Who's the greatest NFL player of all time?
For future Hall of Famer Ray Lewis, that's an easy question to answer. "I don't know what argument you can make that [Jerry Rice] is not," said the hard-hitting Baltimore Ravens LB.
Rice certainly has the numbers to back Lewis' claim. During his 15-year career with the San Francisco 49ers, Rice won three Super Bowls -- Super Bowl XXIII ('88), Super Bowl XXIV ('89) and SB XXIX ('94) -- and one Super Bowl MVP. He enjoyed three seasons with the Oakland Raiders, including a Super Bowl appearance, and one season with the Seattle Seahawks before retiring in 2005. Rice was elected into the Pro Football Hall of Fame in January 2010, his first year of eligibility.
Rice's meticulous preparation and work ethic during his 20-year NFL career is legendary. He holds 36 NFL records -- a record in itself. He scored the most touchdowns in NFL history (208) and holds virtually every significant career receiving record, including receptions (1,549), yards receiving (22,895), all-purpose yards (23,546), touchdown receptions (197) and consecutive games with at least one catch (274).
Rice is missed, on the field, but football fans can still see him as an NFL analyst for ESPN. The well-decorated Rice doesn't take any of the accolades for granted. He's even humble about the award named in his honor, which goes to an outstanding freshman in the Football Championship Subdivision (FCS). The inaugural Jerry Rice Award was presented by The Sports Network in January to freshman running back Terrance West from Towson University.
"I'm really happy about the award," said Rice, who played collegiately at Mississippi Valley State, an FCS school, where he was a Division I-AA All-American. "I get a chance to follow in the footsteps of Walter Payton, Buck Buchanan and Eddie Robinson. They all have awards, and to be able to have an award like this one is really special. For me, it's a way of giving back. It's a way to help young kids. That's really important."
At 5-foot-11, 220 pounds, West rushed for an FCS-best 29 touchdowns and finished with 1,294 yards in 11 games this past season.
Rice can relate to numbers like that. He played some tremendous college football with the Delta Devils in Itta Bena, Miss., producing 4,693 yards and setting NCAA Division I-AA records during his college career. He had 100 receptions in both his junior and senior seasons.
In 1984, Rice's senior year, he had 1,845 yards and 28 touchdowns. The quick-footed wide receiver exceeded 1,000 yards receiving for three straight seasons, using his outstanding moves to elude double coverage. Rice's play helped put Mississippi Valley State -- and its high-scoring offense -- on the national map.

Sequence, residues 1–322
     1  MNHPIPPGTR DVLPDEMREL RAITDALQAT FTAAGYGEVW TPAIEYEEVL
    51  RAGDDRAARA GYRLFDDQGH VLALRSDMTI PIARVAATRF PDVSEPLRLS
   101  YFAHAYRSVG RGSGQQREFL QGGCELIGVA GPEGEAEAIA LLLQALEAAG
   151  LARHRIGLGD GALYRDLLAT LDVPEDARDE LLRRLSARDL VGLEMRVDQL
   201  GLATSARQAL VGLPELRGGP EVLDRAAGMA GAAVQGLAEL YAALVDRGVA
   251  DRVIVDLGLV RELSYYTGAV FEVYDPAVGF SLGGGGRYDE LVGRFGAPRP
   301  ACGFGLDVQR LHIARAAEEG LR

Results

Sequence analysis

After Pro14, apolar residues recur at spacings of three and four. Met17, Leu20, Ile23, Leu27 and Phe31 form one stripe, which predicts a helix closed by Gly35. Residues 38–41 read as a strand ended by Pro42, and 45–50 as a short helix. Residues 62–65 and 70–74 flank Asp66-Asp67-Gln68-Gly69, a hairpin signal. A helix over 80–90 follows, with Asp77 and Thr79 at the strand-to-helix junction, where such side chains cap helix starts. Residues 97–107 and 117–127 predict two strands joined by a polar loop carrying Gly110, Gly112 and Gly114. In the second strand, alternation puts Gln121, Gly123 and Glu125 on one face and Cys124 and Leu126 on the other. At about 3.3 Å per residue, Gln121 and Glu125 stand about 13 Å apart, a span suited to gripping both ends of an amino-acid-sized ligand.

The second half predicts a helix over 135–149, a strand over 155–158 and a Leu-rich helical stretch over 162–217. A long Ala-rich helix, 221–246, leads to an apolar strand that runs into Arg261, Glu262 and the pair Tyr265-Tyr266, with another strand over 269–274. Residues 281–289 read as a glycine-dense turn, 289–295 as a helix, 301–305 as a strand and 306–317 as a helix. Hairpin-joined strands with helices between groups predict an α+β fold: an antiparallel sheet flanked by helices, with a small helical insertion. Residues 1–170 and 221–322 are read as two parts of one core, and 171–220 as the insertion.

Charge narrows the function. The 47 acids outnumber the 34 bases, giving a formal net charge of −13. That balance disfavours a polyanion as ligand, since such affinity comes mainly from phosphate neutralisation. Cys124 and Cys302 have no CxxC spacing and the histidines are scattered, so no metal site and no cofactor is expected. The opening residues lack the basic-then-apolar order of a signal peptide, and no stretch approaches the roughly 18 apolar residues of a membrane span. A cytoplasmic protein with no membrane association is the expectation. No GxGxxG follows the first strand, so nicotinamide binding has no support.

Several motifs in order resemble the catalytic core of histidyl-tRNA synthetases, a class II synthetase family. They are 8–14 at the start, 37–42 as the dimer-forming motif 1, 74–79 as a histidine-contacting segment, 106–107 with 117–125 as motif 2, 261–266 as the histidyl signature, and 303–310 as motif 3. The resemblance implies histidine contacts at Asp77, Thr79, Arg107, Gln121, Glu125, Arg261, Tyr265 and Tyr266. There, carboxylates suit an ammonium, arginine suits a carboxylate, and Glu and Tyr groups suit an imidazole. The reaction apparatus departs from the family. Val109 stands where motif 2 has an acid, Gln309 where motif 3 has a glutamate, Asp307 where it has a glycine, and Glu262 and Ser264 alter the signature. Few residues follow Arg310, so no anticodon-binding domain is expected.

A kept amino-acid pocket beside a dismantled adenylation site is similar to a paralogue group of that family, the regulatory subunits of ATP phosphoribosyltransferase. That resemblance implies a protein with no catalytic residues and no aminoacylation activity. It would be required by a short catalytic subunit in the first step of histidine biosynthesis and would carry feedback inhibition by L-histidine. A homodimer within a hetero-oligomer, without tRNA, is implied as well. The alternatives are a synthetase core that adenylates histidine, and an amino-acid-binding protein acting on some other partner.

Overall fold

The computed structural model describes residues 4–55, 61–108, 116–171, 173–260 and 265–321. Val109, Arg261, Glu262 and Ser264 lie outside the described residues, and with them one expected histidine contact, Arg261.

"[Running back] Carl Byrum was like the Incredible Hulk," Rice said. "He was built so solid. He was fast. We had a wide-open offense. Now, they call it the West Coast Offense. We had no huddle. You just go to the line of scrimmage. You played football. We were able to throw up so many points.
"Archie 'The Gunslinger' Cooley was our coach. We had [quarterback] Willie 'Satellite' Totten and this guy called Jerry 'The World' Rice. People ask me today, 'Did you get recruited by the major schools?' and all that. I tell them I would not go back and change any of that. It was a great experience. It's something I'll never forget. We were able to do some incredible things."
After his senior season, Rice played in the Blue-Grey Game, where he was named Most Valuable Player. His play caught the eye of Bill Walsh, the legendary coach of the San Francisco 49ers. In 1985, Walsh traded up and drafted Rice in the first round of the NFL draft with the 16th pick.
With the 49ers, Rice played alongside fellow wide out John Taylor, who played college at Delaware State. San Francisco, historically, has always recruited from HBCUs. Rice was a star in the Southwestern Athletic Conference (SWAC) while Taylor shined in the Mid-Eastern Athletic Conference (MEAC), long before the MEAC/SWAC Challenge presented by Disney launched in 2005.
"John Taylor could have played anywhere," said Rice. "He was so talented. He could go out and start running and dunk a basketball. He was so creative. We had a great time together. This just shows that Bill Walsh was a genius. I mean, he could see talent and it didn't matter what school you came from, or whatever. He wanted a ball player."
Since 2005, the MEAC/SWAC Challenge -- which is owned and operated by ESPN, and played over Labor Day weekend -- has produced such NFL players as Tarvaris Jackson (Alabama State, Seattle Seahawks), Justin Durant (Hampton, Detroit Lions), Kendall Langford (Hampton, Miami Dolphins) and Jason Hatcher (Grambling State, Dallas Cowboys).
"You have some good football players from both leagues," said Rice. "[The MEAC/SWAC Challenge] gives them a chance to be seen by NFL scouts. I'm glad they have a game like this.
"I have great memories playing against Alcorn State. That was a big game for us. They had people standing everywhere watching us play. The crowds were really big. We played Grambling when Eddie Robinson was the coach. I remember all the colleges and the rivalries and how the fans came out to support us. Then, you had the battle of the bands. It was just at a whole different level."
Just like Jerry Rice.
Donald Hunt is a columnist for The Philadelphia Tribune. You can reach him at firstname.lastname@example.org.